Written by SAPL on Wednesday, September 3rd, 2008 in Socialization.
Vesentico/Sento on Flickr
In the world of Aspergerness, there are usually 2 colors: Black and White. It’s either right or wrong, with no possibilities of shades in between. However, for many Aspies, the color palate can be expanded slightly to allow for times when others forget what color an issue should fall under: That color is red-for correction.
Aspies love to correct, both people and inanimate objects. It is an innate tendency that they attempt to conceal though numerous methods-biting the tongue or lip, pretending not to see or hear the mistake, or maybe convincing themselves that there really is another way of looking at it. But sooner or later, a huge volcanic-like reaction will occur in their bodies and minds, forcing them to tell the world just how things really should be.
This is helpful at times. We’d all like to know when there’s spinach on our teeth. If you hire an Aspie as your personal assistant, you ensure you’ll never be in the presence of your future in-laws with an unzipped fly. Ditto for bad grammar, incorrect or twisted facts, mispronunctiations, and your tendency to strech or leave out parts of a story. “There aren’t 12 monkeys at the zoo. Three of those are actually chimpanzees.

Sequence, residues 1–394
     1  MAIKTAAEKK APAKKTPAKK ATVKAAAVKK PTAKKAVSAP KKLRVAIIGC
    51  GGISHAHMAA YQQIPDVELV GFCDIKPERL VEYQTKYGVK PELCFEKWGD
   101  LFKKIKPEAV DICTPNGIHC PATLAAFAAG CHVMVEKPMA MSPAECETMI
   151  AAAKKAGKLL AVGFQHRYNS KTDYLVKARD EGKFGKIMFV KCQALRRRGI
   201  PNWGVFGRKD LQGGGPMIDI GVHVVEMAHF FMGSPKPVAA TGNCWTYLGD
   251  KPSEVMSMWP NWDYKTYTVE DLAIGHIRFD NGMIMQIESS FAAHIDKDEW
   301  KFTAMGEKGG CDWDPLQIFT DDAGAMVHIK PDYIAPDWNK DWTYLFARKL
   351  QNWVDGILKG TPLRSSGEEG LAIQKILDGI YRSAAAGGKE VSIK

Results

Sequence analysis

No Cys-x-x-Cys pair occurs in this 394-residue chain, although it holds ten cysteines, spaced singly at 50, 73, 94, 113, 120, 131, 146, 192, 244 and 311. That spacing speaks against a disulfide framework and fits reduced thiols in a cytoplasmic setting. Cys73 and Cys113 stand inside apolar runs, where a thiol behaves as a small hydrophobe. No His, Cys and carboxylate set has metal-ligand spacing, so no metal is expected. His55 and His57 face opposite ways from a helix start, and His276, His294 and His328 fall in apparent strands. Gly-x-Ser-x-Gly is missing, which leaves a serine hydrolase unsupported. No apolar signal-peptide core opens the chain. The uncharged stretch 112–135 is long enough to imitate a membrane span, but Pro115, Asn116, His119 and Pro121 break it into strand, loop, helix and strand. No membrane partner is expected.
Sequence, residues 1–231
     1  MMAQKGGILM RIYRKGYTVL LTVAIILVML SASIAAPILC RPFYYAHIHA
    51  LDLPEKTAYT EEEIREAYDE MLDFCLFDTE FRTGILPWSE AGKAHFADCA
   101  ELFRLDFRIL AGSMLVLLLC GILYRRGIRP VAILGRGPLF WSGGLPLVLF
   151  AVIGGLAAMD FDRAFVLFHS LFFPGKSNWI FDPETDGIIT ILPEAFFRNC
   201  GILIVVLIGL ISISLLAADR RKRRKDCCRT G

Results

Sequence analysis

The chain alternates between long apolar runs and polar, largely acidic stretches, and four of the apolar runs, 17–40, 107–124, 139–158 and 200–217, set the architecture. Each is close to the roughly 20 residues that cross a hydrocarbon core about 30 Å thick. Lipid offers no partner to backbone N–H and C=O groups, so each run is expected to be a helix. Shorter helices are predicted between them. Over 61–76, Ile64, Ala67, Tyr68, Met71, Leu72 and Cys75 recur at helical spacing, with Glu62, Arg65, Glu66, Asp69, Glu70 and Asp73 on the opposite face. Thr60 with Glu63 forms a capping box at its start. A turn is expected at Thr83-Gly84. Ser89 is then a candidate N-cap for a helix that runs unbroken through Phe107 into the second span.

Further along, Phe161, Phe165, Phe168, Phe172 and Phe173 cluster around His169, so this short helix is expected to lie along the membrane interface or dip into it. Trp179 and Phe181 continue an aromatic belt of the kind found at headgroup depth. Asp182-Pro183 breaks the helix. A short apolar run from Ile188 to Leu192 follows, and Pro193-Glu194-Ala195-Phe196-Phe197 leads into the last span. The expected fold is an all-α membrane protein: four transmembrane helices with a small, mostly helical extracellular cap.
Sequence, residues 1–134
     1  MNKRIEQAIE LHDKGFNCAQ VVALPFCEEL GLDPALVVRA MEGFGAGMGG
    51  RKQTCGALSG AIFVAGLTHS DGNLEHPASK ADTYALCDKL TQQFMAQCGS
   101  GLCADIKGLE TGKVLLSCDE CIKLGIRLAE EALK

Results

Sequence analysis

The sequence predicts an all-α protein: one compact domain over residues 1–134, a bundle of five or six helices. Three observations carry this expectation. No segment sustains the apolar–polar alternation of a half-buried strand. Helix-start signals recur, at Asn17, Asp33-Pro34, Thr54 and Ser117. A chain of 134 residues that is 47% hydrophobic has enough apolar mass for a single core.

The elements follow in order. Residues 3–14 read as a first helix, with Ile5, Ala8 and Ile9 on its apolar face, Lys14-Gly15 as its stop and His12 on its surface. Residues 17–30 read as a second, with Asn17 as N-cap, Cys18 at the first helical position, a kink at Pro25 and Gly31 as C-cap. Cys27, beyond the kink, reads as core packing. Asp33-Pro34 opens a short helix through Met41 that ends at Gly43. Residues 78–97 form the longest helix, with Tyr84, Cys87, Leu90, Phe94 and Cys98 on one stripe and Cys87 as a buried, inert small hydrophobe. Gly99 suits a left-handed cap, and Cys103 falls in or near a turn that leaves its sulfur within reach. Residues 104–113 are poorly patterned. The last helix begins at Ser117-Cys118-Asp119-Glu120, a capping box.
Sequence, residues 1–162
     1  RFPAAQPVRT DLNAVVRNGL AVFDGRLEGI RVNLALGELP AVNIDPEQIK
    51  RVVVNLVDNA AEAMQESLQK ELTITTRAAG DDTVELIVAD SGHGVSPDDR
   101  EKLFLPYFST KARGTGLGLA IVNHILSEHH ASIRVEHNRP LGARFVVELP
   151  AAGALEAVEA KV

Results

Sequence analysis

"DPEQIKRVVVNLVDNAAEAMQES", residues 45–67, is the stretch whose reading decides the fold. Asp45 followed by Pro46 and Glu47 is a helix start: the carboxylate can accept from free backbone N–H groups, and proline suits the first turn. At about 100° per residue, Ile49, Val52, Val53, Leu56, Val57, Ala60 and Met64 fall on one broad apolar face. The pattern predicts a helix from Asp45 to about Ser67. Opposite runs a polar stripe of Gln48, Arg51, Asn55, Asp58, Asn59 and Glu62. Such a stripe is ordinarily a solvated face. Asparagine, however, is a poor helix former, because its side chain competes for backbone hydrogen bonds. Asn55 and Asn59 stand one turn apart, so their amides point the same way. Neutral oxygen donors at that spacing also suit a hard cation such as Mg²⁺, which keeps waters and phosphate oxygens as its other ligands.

A tender moment between a couple can quickly be ruined by the Aspie’s need to correct. “You’re eyes are as blue as the sky,” will quickly be followed by, “The sky is more cyan than regular blue. If you think my eyes are cyan, that’s fine, but blue isn’t the best descriptive word if you’re going to be using the sky as a simile.” This same partner was rebuked last week for writing a love letter rife with spelling errors that the Aspie circled in red and returned.
A lover who finds him or herself in this situation can be redeemed by the all time symbol of couple apology and makeup: Buying a gift for the Aspie partner. Red pens and white out make good stocking stuffers as well as books containing titles like, “Myths Uncovered,” “Secrets Exposed,” and “The Truth About,” as they give the Aspie the reassurance that you agree upon the core values of any good relationship: trust, love, and a strong sense of telling each other and the rest of the world how everything that comes out of their mouths or is written by their hand is completely screwed up.
If you’re an Aspie and think something in this post is amiss, please correct it by saying something in the comment box.